Canadian banks are facing accusations of greenwashing

Environmentalists and investors claim banks are only pretending to reduce their carbon footprint through sustainability-linked finance

Canadian banks are facing accusations of greenwashing

It's not easy being green for banks in Canada, one of the world's greatest oil-producing countries.

According to a new report from Reuters, Canadian banks have tripled the amount of sustainability-linked finance (SLF) they provide to oil and gas clients in the last two years.

SLF refers to financing that varies in cost when certain environmental, social, and governance (ESG) conditions are met at the firm level, but does not mandate the funds to be utilized for climate-friendly reasons.

Because of the increased issuance of such debt, some environmental groups and investors have accused banks of "greenwashing," arguing that they are only pretending to reduce their carbon footprint rather than taking significant steps in that direction.

If the adoption of financing instruments that do not require a reduction in overall carbon emissions continues to rise, banks' readiness for Canada's transition to a low-carbon economy may be hampered, leading to increasing risk and capital requirements to compensate.

Banks' lack of preparedness, according to the country’s central bank and financial regulator, might expose them and their investors to "sudden and substantial losses."

Angus Wong, campaign strategist at nonprofit environmental group SumOfUs, which represents thousands of Canadian bank investors, told Reuters, "This is a dangerous path to go down. These are just loans and bonds and adding one word like 'sustainability' and adding it to sustainable financing numbers ... really smacks of greenwashing."

The issue is particularly pressing in Canada, where SLF accounts for a higher proportion of all sustainable financing than anywhere else in the world. The specialized financing provides a green option for the country's extractive industries, which are unable to use more specialized tools such as so-called green bonds.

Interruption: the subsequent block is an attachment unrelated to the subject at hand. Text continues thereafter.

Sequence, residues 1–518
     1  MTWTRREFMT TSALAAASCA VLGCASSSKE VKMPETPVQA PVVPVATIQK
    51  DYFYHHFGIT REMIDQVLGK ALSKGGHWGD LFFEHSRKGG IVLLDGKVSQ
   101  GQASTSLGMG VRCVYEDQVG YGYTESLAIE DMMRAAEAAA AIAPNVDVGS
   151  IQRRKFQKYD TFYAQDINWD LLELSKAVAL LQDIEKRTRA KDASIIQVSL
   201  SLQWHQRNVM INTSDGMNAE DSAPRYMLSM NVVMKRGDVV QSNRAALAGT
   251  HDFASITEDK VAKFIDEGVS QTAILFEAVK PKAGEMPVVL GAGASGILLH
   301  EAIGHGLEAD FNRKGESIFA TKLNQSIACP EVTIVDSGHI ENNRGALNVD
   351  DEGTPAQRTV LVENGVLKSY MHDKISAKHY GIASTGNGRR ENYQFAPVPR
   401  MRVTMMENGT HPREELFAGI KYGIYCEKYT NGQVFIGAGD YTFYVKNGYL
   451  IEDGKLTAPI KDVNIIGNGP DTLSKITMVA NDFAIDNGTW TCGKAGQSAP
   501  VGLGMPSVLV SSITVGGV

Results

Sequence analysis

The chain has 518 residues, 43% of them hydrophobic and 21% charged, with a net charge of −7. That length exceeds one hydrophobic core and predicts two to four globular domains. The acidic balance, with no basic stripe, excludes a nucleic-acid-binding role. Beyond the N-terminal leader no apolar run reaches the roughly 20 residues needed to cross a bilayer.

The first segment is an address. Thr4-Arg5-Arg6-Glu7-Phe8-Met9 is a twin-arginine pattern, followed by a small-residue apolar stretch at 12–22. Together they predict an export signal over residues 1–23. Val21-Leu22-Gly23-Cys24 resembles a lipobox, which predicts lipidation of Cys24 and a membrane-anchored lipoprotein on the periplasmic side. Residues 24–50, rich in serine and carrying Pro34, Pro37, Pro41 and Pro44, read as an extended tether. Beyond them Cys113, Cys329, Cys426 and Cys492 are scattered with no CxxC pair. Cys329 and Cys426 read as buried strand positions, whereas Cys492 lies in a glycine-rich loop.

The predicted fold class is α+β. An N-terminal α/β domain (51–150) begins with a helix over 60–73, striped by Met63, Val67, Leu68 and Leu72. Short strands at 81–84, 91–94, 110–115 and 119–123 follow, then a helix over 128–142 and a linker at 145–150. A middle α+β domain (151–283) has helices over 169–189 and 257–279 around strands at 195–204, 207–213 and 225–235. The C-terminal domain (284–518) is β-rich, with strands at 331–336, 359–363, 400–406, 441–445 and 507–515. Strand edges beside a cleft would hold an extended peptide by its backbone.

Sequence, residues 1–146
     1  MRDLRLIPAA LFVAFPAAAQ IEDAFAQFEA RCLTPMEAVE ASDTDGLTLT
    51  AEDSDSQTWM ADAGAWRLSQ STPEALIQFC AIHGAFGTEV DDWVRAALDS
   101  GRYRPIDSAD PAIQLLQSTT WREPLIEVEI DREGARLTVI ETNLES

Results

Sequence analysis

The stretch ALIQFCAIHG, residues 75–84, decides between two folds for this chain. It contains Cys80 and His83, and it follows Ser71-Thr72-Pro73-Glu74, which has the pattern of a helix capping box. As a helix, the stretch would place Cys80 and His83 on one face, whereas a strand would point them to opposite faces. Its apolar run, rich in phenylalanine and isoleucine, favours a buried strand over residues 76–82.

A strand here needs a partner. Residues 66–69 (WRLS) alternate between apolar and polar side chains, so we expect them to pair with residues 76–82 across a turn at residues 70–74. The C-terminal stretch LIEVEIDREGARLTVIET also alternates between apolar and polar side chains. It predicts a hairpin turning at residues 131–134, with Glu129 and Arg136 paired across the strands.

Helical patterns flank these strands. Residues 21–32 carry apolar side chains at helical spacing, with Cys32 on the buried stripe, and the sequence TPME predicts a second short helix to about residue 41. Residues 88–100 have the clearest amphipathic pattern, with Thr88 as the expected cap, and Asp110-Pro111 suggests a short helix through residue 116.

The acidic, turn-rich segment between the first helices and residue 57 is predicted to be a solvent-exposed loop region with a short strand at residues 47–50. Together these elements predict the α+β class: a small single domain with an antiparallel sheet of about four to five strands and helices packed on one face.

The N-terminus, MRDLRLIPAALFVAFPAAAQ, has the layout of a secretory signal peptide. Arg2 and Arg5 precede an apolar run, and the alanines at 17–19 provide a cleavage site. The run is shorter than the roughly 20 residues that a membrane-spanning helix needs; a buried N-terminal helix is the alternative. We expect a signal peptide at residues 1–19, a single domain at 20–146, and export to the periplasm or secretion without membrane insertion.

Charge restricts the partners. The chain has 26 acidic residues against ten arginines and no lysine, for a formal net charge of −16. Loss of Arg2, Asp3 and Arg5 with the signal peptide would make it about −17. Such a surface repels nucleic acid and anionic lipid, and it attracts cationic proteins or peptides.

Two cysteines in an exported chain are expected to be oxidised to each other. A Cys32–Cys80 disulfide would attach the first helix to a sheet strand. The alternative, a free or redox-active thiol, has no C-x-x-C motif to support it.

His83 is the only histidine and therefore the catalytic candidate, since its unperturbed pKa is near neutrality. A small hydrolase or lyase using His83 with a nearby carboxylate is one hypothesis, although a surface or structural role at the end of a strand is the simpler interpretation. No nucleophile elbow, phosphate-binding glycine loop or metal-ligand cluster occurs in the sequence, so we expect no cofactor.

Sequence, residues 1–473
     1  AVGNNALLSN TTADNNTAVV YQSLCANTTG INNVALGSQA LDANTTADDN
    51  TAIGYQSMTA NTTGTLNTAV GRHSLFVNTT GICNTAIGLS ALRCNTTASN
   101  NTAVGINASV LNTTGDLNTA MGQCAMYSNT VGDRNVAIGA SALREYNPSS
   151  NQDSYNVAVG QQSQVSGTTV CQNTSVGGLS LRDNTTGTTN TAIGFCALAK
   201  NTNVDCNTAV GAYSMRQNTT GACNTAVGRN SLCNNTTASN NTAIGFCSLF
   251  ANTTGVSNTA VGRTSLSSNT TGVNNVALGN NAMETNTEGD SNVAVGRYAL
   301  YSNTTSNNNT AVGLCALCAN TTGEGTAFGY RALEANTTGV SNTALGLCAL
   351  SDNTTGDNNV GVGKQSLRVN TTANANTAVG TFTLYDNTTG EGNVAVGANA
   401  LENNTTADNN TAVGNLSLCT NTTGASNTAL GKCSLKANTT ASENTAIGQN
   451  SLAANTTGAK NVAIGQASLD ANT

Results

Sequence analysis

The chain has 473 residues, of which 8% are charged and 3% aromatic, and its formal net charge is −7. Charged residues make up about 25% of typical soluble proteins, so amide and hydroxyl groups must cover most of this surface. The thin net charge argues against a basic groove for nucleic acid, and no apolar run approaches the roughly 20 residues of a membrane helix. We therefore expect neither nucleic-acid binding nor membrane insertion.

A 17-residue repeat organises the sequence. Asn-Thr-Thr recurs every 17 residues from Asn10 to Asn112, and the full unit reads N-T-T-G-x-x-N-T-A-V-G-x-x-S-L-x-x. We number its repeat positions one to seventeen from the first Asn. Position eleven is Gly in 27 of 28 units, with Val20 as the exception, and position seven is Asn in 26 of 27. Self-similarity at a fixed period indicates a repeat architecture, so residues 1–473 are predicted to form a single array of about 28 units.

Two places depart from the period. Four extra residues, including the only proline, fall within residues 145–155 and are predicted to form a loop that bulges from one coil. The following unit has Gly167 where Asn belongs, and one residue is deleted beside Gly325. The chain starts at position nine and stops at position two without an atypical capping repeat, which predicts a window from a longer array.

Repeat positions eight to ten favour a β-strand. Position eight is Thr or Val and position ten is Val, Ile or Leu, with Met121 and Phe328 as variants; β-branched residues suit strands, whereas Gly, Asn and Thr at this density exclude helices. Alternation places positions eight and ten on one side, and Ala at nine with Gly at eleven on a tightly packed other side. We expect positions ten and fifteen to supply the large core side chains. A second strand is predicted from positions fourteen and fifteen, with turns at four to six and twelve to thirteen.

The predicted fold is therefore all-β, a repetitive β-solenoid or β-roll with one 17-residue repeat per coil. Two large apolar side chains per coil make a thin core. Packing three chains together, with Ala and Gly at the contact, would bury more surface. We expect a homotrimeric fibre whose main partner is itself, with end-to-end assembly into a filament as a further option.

SLF and use-of-proceeds tools like green bonds, which must be used for ecologically beneficial activities, are the two types of products that make up sustainable financing.

Yet due to the former's obvious flexibility, financing arrangements can even allow for rises in emissions, according to several opponents, allowing large emitters to put a false facade of sustainability over business as usual.

Many banks, including the Royal Bank of Canada, the Toronto-Dominion Bank, and the Bank of Montreal, have stated that a smooth transition to a net-zero economy will take years, and that the oil and gas industry will require ongoing support to meet demand as alternative energy sources such as wind and solar are developed.

The goal of net-zero emissions is to emit no greenhouse gases as a result of human activities, or to offset them by processes or technologies that collect them before they are released into the atmosphere.

Banks in Canada may not be currently charged for funding high emitters, but regulators have stated that climate disclosures will be required beginning in 2024, as well as future capital requirements.